Find the laplace transformation.

Find the Laplace transformation of the piecewise function.

f(t) = t+1, 0≤t≤1

f(t) = t^2, t>1

Sketch the graph of f(t)

i use the g(t)[u(t-a)-u(t-b)] and i get:

(t+1)[u(t-0)-u(t-1)]+(t^2)u(t-1)

and that gives:

(t+1)-(t+1)u(t-1)+(t^2)u(t-1)

and then i can take the Laplace

L[t]+L[1]+L[(t+1)u(t-1)]+L[(t^2)u(t-1)]

after much calculation i got answer which was wrong

I'm pretty sure i messed up trying to take the laplace of "L[(t+1)u(t-1)]+L[(t^2)u(t-1)]"

Any help?

Re: Find the laplace transformation.

Quote:

Originally Posted by

**Aquameatwad** Find the Laplace transformation of the piecewise function.

f(t) = t+1, 0≤t≤1

f(t) = t^2, t>1

[snip]

Why not substitute f(t) into the definition of the Laplace transform and calculate the answer from 'first principles' ....

Re: Find the laplace transformation.

You have intrigued me... What are "first principles"? I haven't heard my teacher use that term with laplace transformations.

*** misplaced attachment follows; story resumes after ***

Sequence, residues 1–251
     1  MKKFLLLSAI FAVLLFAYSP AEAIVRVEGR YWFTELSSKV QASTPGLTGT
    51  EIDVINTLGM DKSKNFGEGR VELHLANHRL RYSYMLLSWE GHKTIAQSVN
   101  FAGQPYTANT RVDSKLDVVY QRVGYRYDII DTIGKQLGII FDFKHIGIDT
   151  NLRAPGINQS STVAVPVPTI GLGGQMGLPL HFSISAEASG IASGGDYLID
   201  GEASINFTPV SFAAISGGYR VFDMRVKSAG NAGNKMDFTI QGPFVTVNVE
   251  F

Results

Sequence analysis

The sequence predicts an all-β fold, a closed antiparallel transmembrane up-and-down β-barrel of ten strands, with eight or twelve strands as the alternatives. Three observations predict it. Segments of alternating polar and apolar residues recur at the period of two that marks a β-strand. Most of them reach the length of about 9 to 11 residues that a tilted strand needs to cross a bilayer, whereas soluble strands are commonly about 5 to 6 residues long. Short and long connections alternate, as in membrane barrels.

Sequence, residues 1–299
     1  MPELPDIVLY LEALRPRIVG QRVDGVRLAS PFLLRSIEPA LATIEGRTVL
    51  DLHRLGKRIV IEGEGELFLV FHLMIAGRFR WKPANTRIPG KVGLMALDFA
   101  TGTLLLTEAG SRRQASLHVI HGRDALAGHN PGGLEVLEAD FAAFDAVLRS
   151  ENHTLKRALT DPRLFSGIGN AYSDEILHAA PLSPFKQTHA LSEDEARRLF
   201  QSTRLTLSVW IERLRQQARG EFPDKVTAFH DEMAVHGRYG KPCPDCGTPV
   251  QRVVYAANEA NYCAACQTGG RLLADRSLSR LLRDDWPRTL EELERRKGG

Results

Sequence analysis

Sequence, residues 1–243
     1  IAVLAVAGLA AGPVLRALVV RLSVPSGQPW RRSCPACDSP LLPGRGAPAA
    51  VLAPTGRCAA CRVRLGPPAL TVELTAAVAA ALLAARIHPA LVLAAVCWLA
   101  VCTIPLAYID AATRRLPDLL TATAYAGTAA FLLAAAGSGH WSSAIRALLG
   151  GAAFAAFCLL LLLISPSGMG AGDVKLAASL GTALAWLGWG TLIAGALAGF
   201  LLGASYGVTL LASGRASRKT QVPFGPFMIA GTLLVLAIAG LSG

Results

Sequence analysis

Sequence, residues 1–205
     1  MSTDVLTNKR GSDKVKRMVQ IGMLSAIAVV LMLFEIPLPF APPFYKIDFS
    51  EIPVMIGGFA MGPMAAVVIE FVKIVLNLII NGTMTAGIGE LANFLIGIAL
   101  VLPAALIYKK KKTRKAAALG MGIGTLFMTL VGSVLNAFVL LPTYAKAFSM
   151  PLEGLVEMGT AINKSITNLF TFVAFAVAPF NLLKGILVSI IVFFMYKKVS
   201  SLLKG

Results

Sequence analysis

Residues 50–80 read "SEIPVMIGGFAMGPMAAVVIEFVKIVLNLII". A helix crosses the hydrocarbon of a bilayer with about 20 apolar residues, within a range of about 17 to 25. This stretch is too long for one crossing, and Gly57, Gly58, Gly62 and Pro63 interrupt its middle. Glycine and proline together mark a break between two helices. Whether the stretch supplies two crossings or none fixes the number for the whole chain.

Re: Find the laplace transformation.

Quote:

Originally Posted by

**Aquameatwad** You have intrigued me... What are "first principles"? I haven't heard my teacher use that term with laplace transformations.

Equation (1) here: Laplace Transform -- from Wolfram MathWorld

I'd be amazed if your class notes and textbook don't have it, together with examples.

Re: Find the laplace transformation.

This class should be taught in 2 semesters than just one. Our teacher does the best he can in this short amount of time. thanks for the insight , i will look into it